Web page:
[LRTW] 12/18 final AO presentations

Important notes:

  • As a presenter, you are expected to present your arguments anew, as in a conference; in other words, pretend we haven’t heard them before.
  • As a reviewer, you are expected to review the logical coherence of the arguments, the format of cited resources, and presentation performance.
  • All are expected to read everyone else’s AO, in addition to the one you review. This is your last chance to shore up your participation score.
  • Learn to take good control of your time. Highlight your main arguments when time is short, and elaborate when time permits.
  • Each session lasts 1 hr. (see time allocation table below).

Order of Presentations & Presenter-reviewer (red) Pairing:

  • The order and pairing have been decided by a series of random draws in Excel.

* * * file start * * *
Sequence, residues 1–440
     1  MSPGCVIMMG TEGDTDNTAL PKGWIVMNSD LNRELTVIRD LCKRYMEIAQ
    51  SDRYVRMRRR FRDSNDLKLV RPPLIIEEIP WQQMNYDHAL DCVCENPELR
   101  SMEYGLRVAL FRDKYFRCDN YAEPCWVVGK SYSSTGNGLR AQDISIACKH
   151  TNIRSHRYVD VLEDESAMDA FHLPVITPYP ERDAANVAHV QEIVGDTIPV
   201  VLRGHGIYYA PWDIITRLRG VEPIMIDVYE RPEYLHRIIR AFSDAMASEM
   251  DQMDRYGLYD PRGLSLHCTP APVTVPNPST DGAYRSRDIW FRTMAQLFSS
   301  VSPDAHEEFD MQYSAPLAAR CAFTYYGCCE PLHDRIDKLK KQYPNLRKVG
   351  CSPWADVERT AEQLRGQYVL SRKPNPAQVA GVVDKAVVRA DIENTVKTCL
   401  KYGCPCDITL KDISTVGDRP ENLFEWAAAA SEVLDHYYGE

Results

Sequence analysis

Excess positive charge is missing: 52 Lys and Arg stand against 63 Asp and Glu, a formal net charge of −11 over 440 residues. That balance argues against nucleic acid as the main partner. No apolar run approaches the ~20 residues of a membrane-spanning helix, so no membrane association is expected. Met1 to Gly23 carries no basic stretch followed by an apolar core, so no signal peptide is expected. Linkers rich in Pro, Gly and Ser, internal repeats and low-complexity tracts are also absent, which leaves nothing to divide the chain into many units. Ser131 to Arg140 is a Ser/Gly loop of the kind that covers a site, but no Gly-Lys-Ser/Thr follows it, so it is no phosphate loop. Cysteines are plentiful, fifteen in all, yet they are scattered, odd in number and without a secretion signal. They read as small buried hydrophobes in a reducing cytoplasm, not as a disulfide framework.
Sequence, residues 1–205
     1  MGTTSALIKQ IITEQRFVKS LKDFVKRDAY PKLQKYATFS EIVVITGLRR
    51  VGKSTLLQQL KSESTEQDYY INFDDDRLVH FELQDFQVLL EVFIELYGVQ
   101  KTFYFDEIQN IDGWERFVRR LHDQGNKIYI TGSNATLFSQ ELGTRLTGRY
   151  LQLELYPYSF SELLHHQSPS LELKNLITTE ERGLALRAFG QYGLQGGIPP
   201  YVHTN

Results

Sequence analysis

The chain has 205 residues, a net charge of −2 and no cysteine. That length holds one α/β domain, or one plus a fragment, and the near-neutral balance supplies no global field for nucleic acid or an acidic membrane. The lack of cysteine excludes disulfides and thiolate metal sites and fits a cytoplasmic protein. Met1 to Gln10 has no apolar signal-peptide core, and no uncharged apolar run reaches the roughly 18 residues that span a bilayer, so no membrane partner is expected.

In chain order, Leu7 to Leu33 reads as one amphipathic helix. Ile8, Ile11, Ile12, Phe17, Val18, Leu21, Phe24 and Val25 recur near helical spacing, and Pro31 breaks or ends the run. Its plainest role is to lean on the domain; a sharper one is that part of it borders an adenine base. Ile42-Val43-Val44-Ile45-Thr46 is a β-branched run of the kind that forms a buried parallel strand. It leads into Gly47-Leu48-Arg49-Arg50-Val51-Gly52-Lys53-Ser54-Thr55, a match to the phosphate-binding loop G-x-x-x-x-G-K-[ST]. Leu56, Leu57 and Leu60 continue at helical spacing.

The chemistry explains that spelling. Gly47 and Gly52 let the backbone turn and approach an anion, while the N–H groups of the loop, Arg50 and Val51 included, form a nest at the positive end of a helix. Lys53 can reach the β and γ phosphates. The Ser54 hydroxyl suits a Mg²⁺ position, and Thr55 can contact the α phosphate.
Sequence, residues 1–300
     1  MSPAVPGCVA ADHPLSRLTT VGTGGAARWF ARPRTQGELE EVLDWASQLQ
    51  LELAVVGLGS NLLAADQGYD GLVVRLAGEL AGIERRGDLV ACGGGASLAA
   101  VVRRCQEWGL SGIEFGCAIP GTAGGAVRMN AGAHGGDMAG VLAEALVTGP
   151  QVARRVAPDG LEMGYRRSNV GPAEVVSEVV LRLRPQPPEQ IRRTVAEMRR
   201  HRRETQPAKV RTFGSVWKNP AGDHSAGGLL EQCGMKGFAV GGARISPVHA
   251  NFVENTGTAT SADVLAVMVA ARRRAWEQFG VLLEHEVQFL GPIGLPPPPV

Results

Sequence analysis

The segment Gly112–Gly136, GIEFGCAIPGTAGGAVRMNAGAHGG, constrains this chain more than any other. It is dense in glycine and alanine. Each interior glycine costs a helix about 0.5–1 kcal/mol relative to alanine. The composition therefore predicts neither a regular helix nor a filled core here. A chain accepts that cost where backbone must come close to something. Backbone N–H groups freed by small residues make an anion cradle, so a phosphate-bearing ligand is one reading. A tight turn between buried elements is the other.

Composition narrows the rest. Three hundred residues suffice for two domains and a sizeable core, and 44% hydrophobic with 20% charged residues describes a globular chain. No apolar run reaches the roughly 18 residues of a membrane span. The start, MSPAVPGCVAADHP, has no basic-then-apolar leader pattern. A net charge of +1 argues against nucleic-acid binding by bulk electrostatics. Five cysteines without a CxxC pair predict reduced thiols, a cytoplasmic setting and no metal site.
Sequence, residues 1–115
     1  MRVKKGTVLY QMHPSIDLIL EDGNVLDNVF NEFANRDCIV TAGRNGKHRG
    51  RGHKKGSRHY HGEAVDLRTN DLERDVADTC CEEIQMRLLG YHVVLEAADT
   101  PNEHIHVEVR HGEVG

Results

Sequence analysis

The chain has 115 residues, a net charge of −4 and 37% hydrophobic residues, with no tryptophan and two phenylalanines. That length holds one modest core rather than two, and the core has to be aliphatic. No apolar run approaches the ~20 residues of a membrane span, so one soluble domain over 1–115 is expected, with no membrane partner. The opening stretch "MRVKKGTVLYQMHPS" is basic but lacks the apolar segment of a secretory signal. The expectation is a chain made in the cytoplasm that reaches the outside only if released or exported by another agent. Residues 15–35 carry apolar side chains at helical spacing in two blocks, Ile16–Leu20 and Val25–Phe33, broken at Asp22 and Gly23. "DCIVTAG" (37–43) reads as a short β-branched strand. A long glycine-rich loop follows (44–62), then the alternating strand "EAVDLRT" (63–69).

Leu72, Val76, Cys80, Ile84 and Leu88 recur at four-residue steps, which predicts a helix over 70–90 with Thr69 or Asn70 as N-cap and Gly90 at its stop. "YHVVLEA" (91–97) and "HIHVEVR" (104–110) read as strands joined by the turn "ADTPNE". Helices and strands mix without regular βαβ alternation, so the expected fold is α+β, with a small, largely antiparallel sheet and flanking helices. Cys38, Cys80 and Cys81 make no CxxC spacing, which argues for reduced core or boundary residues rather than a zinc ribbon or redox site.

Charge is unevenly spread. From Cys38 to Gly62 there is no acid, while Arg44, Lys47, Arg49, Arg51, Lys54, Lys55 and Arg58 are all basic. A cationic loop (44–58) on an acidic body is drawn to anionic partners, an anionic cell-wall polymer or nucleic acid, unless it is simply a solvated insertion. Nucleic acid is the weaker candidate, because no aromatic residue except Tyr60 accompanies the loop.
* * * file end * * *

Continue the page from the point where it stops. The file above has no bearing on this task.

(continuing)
order presenter reviewer
1 永軒 Julien
2 Julien 乃鳳
3 乃鳳 品絜
4 品絜 永軒

Time Allocation:

presentation 20 min.
review 8 min.
open discussion 12 min.
author’s final response 5 min.
moderator’s time 10 min.

[Antitrust] 12/10 Patents, PAEs, and Antitrust

Required Reading

Additional Reading

  • Eastern Railroad Presidents Conference v. Noerr Motor Freight, 365 U.S. 127 (1961).
  • United Mine Workers of Am. v. James M. Pennington, 381 U.S. 657 (1965).
  • Walker Process Equip., Inc. v. Food Mach. & Chem. Corp., 382 U.S. 172 (1965).
  • Handgards, Inc. v. Ethicon, Inc., 743 F.2d 1282 (9th Cir. 1984).
  • Professional Real Estate Investors v. Columbia Pictures Indus., Inc., 508 U.S. 49 (1993).
  • Peter M. Boyle, Penelope M. Lister & J. Clayton Everett, Antitrust Law at the Federal Circuit: Red Light or Green Light at the Ip-Antitrust Intersection?, 69 Antitrust L.J. 739 (2002).
  • S.W. O’Donnell, Unified Theory of Antitrust Counterclaims in Patent Litigation, 9 Va. J.L. & Tech 8 (2004).
  • George S. Cary et al., Case For Antitrust Law To Police The Patent Holdup Problem In Standard Setting, The, 77 Antitrust L. J. 913 (2010).